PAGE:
Royal Celebrations

Queen's Birthday Parade, London Queen's Birthday Parade, London

Royal celebrations have put Britain in the spotlight for the past two years. We celebrated Prince William's wedding to Catherine Middleton in April 2011. Last year was dedicated to the Diamond Jubilee. But apart from these ultra-special occasions there are many other Royal events throughout the year as the Royals have a busy calendar. The Queen and the Duke of Edinburgh especially cram an amazing amount of engagements into their working life.

Royal Ceremonies

The State Opening of Parliament

This heralds the beginning of the parliamentary session in March. Since the 16th century the reigning monarch has performed this unique ceremony, which attracts large crowds.

The ceremony starts with the Queen travelling accompanied by the Duke of Edinburgh in a State Coach from Buckingham Palace to Westminster escorted by the Household Cavalry. People line up to see this procession from Whitehall all the way along the Mall. When she arrives there she will go to the Robing Room to don her Imperial State Crown and parliamentary robe. She then proceeds to the Royal Gallery of the Chamber of the House of Lords where she takes a seat on the Throne.

The Queen's messenger called the Black Rod, has to knock on the door of the House with the staff of office and he is let into the Chamber followed by the members of the House of Commons and the Commons Speaker. At the first attempt the door is slammed in his face, which is part of a tradition.

Then the Queen delivers her speech from the Throne. The speech is actually drawn up by the Government and then approved by the Cabinet, as it contains the Government's policies and proposed new laws and legislations. In response to the Speech there is a Humble address by both houses and this concludes the ceremony. People who are unable to witness this event can see it live on BBC television.

The Service for the Order of the Garter

This takes place at Windsor Castle. It started in the fourteenth century. The investitures take place on Garter Day in June, followed by a lunch in the Waterloo Chamber and a procession of the knights to St George's Chapel for a special service. It's a magnificent parade with the knights wearing their blue velvet mantels and black velvet hats with white plumes.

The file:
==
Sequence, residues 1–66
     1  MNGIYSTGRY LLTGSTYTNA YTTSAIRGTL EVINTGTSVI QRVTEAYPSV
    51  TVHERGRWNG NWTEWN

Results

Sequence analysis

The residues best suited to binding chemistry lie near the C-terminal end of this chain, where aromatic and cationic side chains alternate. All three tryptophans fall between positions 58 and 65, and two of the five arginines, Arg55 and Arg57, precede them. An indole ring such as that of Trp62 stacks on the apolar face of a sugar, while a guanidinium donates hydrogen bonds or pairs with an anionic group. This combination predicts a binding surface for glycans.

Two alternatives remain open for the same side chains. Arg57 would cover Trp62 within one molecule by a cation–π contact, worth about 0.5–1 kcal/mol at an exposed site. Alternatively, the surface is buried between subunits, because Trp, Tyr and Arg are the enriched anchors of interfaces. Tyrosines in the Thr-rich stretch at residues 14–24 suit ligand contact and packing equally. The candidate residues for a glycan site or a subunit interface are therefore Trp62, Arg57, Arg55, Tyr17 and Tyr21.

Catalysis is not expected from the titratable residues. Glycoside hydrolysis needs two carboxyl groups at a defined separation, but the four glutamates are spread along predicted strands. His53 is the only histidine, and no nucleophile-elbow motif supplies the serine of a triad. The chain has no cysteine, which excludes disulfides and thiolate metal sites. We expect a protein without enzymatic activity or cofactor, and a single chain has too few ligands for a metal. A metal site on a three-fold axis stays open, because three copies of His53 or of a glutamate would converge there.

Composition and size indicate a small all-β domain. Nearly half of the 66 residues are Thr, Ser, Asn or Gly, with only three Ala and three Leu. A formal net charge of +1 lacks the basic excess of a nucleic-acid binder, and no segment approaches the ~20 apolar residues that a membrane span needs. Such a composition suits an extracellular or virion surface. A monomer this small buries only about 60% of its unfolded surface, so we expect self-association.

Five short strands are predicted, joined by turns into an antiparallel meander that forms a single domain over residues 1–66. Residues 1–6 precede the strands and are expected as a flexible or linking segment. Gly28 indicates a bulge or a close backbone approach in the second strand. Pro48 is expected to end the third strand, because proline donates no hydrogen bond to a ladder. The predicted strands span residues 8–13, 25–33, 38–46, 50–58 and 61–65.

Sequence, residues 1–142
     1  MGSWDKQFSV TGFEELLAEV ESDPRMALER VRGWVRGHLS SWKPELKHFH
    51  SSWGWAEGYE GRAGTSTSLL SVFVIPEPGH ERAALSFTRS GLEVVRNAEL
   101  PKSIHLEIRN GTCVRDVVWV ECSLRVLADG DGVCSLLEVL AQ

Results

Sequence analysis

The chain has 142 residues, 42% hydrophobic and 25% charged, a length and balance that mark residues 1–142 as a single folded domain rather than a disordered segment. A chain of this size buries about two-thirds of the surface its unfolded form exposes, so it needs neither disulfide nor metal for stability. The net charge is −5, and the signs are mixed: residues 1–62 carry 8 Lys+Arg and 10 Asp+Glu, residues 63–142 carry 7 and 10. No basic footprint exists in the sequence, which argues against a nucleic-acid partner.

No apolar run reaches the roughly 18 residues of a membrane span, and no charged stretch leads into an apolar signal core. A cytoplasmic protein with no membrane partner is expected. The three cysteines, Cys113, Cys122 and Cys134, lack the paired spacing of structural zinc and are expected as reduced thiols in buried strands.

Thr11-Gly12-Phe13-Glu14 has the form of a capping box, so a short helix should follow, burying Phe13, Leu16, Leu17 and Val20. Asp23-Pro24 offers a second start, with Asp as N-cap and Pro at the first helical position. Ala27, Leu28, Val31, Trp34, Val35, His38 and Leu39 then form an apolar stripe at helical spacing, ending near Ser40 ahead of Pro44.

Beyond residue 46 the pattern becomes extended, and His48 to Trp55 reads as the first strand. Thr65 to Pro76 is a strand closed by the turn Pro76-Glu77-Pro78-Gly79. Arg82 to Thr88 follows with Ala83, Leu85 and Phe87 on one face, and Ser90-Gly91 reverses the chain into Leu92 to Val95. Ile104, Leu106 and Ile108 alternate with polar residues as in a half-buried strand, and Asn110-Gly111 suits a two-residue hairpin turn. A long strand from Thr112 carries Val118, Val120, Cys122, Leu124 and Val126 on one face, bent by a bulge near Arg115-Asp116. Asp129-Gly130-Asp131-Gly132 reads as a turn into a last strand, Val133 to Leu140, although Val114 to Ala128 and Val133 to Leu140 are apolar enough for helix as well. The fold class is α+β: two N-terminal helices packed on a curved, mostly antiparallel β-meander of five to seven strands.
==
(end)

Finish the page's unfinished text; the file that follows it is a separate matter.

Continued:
Traditions

The Braemar Highland Gathering is attended every year by the Queen and The Duke of Edinburgh and other members of the Royal Family. It was started by the Queen's ancestor, King Malcolm III in the 11th century. He wanted to find new postal runners for his Kingdom and organised a race up to the top of the hill Craig Coinnich. The winner would receive a purse of gold and a new baldrick. The tradition was repeated year after year and thus the Braemar Highland Gathering was established. It was copied across the Highlands and further afield in Canada, the USA, Australia, New Zealand and wherever there are Scots, there will be Highland Games.

Royal Weddings

Westminster Abbey is the usual venue for royal weddings, but in a break with tradition the Prince of Wales and Diana, Princess of Wales had their wedding ceremony at St Paul's Cathedral. Prince William and Catherine Middleton's wedding in April 2011 brought much joy to the nation and there were many celebrations, people staying in to watch the ceremony on television or visiting London to be part of the event.

Coronations

All Kings and Queens have been crowned at Westminster Abbey over 900 years in a service conducted by the current Archbishop of Canterbury. This year marks the sixtieth anniversary of Queen Elizabeth II's Coronation.

Royal Jubilees

The Queen's Diamond Jubilee put the Great into Britain again and created a great boost for the country. It was celebrated from Land's End to John O'Groats and gave everybody the excuse to string out the bunting, get out the flags and be proud to be British. There were street parties in most towns and villages and a lot of fun was had by all. The Brits certainly know how to celebrate Royal events.

The magnificent and painstakingly planned Thames Pageant would have gone swimmingly if not for the atrocious weather. But, stiff upper lip as ever, the Royals stoically carried on even if it did make the Duke of Edinburgh so ill he had to stay in hospital and miss the special Jubilee concert.

The highlight of the concert was the performance of the official Diamond Jubilee single. The song, titled 'Sing' by Gary Barlow and Andrew Lloyd Webber was performed by the Military Wives Choir and a Band which consisted of people drawn from all corners of the Commonwealth. It was a wonderful culmination of originality and talent.

The Diamond Jubilee weekend with its numerous events showed the world a thing or two about how to celebrate our biggest asset: The Queen and the Royal Family. Whatever the cynics say: We have really had our money's worth out of the Royal Family as they attract many visitors to the country.

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